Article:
If there is a hot spot in LaRue County for vehicular crashes, it is a two-mile stretch of Bardstown Road between mile points 16.3 and 18.6.
The roadway meanders through some of the state’s most beautiful scenery – the knob area where Abraham Lincoln played as a boy. The historical cabin representing Lincoln’s boyhood home, the fall foliage on trees and Knob Creek are among some of the most photographed scenes in the county.
Tourists and local residents alike have found the beauty to be deceptive – especially after they failed to navigate one of the three curves in the area.
Injury accidents and even fatalities have occurred numerous times on Devers Curve, Lincoln Boyhood Curve and Enlow’s Curve in the last decade.
Three crashes on a recent rainy day is a case in point.
Just after lunch, a pickup swerved off the roadway at the Lincoln Boyhood Curve. The truck struck a tree, a split-rail fence and a water hydrant before coming to a rest in a field. The driver suffered a bloody nose and intense remorse at the loss of a vehicle he had purchased earlier that day.
Minutes later, a second driver lost control of a Chevrolet passenger car in Enlow’s Curve. The tires fell off the pavement and the car struck a culvert beside the roadway. The female driver was transported to a hospital by ambulance.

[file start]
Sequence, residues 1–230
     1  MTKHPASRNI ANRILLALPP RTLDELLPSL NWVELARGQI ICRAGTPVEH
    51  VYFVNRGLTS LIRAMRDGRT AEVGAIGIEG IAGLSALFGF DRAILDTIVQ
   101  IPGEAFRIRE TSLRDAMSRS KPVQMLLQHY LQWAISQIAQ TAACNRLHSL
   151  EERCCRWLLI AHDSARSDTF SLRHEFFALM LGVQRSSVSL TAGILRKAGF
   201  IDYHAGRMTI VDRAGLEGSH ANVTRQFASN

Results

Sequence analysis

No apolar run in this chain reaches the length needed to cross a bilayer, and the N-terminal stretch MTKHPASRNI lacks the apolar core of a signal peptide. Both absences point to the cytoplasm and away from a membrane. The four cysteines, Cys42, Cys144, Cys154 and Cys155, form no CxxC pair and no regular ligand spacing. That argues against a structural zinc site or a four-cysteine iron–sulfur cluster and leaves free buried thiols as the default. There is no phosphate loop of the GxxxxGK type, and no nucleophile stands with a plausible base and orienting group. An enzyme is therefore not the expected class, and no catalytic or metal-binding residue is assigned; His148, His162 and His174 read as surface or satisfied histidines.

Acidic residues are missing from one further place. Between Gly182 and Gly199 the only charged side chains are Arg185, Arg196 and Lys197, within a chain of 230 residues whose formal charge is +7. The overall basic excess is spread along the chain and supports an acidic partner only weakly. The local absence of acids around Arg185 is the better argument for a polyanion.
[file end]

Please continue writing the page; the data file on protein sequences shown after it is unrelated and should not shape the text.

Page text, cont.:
Just up the road, a set of swerve marks, dug up grass and tire tracks in a yard showed another driver had a close call in Devers Curve.
Kenny Devers, who grew up on the farm in the arc of Devers Curve, has lived in his old homestead for the past 10 years. He’s witnessed more accidents than he cares to count and replaced a fence in front of his house at least three times after a vehicle ran into it.
He removed a fence from the other side of Bardstown Road “because of the accidents.”
The State Highway Department says improvements are on the way. The Department recently completed the purchase of a few acres of right-of-way to re-work Devers Curve, Lincoln Boyhood Curve and Enlow’s Curve.
Chris Jessie, spokesperson for the Kentucky Transportation Cabinet, said the state will “address geometric deficiencies” in the three curves.